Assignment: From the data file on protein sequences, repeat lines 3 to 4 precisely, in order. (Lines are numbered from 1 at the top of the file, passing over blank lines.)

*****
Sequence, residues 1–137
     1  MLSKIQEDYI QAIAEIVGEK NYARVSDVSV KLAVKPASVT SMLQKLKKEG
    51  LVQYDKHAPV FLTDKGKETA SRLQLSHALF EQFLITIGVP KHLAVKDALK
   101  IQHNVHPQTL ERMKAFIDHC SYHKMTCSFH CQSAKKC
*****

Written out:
    51  LVQYDKHAPV FLTDKGKETA SRLQLSHALF EQFLITIGVP KHLAVKDALK
   101  IQHNVHPQTL ERMKAFIDHC SYHKMTCSFH CQSAKKC